With the Macro button you can easily define macros on the fly. With Remap I can directly change the mapping of the keyboard. The most important thing is this SmartSet button.

Attention: those makros and remapping is stored on the keyboard and it won't reset. This is a bummer... so you more or less only have permanent macros.

The SmartSet button, used in conjunction with F7-F12, numbers or the Profile key, then offers the following functions.

  • SmartSet button + Profile button: Reloading the current profile. This is very useful if you tweak the configurations (either using the software or by editing the file directly) and profiles and want to see / try it out.
  • SmartSet + F7: Status output:
KBD Firmware: )4MB=, 09-04-2019
LED Firmware: L1.0.4-R1.0.4-BL1.0
Profile: 1 Reactive
Remaps: 16
Macros: 18
Macro Sped: 5
Game Mode: Of
NKRO Mode: On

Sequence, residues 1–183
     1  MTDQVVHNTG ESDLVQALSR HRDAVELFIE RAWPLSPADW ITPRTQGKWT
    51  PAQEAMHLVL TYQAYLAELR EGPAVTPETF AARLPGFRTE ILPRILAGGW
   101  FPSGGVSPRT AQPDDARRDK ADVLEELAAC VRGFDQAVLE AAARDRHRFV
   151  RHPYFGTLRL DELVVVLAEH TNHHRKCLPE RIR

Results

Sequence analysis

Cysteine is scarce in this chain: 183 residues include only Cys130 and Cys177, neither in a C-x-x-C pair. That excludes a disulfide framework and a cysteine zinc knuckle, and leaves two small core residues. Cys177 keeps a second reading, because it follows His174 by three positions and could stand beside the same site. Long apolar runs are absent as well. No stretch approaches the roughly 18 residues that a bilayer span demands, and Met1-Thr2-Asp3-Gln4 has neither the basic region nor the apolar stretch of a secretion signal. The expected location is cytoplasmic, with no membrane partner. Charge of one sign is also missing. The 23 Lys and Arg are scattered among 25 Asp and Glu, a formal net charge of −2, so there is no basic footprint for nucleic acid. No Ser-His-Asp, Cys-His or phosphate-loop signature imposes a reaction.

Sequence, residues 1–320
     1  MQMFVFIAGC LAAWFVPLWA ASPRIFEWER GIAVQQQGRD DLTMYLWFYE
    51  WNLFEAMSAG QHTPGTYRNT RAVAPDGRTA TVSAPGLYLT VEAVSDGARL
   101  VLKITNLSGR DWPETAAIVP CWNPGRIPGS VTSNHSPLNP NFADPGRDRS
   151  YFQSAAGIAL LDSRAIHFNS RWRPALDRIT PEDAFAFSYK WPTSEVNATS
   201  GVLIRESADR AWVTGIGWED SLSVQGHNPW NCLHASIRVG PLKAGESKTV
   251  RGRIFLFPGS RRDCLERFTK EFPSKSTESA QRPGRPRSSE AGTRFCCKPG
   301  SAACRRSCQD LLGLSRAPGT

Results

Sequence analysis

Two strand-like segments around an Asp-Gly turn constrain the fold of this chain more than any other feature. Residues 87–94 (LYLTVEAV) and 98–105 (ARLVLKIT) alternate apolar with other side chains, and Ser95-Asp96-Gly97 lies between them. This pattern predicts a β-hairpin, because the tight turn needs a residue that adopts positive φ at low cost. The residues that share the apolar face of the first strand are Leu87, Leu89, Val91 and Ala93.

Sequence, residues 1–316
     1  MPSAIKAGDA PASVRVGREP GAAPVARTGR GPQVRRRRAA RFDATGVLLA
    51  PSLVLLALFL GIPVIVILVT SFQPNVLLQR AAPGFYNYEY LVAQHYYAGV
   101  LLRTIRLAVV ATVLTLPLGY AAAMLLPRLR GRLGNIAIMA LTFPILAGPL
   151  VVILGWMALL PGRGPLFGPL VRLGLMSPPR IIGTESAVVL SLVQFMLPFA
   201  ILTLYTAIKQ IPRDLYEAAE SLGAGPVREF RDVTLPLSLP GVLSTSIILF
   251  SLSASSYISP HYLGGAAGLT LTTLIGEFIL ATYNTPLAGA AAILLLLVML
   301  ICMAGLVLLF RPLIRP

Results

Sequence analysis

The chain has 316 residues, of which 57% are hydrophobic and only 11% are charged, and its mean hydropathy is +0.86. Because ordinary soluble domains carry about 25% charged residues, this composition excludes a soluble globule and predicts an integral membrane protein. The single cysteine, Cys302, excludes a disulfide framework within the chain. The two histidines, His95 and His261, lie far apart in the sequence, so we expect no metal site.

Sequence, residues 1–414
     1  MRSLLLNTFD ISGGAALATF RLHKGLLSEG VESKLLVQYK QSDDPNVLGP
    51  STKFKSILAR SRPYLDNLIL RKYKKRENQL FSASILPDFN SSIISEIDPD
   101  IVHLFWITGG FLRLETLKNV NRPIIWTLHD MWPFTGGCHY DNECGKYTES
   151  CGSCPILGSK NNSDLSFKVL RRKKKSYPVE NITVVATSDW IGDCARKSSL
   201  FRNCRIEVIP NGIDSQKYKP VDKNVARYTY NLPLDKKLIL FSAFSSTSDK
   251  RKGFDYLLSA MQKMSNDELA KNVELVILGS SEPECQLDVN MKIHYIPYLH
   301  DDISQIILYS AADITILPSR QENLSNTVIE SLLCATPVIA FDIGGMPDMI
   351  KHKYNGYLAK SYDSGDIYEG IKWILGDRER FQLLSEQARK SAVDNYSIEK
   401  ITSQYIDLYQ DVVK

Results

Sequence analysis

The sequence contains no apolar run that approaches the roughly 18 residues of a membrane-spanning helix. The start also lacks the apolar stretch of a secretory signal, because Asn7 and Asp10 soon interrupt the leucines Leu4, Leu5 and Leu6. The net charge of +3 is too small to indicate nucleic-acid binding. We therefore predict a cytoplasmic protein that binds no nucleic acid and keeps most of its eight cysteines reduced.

Status Sped: 4
  • SmartSet + F8: This enables the so-called V-Drive, which is the internal storage of the keyboard, which is simply mounted as a drive via USB. And that's where the layouts and settings are stored - simple text files that are just as easy to edit. If you want to work with the SmartSetApp, the Vdrive must be mounted.
  • SmartSet + F9: Set playback speed of macros
  • SmartSet + F10: Switch on/off N-key rollover.
  • SmartSet + F11: Game mode - deactivates the Windows key ... no matter what the key is is mapped to emoji people:expressionless
  • SmartSet + F12: reset! Reset all.
  • SmartSet + key 1-9: activate the corresponding profile.

But we are already at a difference. There are no profiles at Ergodox-EZ. There are up to 32 layers. The Kinesis Freestyle Board has only 2 layers, but up to 9 profiles ... Well, actually there are always 9, they just do not differ. So that makes 18 layers in Ergodox terminology - just a bit more than half.

Well, who needs so many layers, you don't use that many anyway. And that's probably true. A total of 4-5 layers would be sufficient for most cases. But for switching between the profiles and layers on the kinesis, you are unfortunately pretty fixed. you can only switch between the profiles with a certain key ("profile") or by pressing the "SmartSet" key with one of the keys 1-9.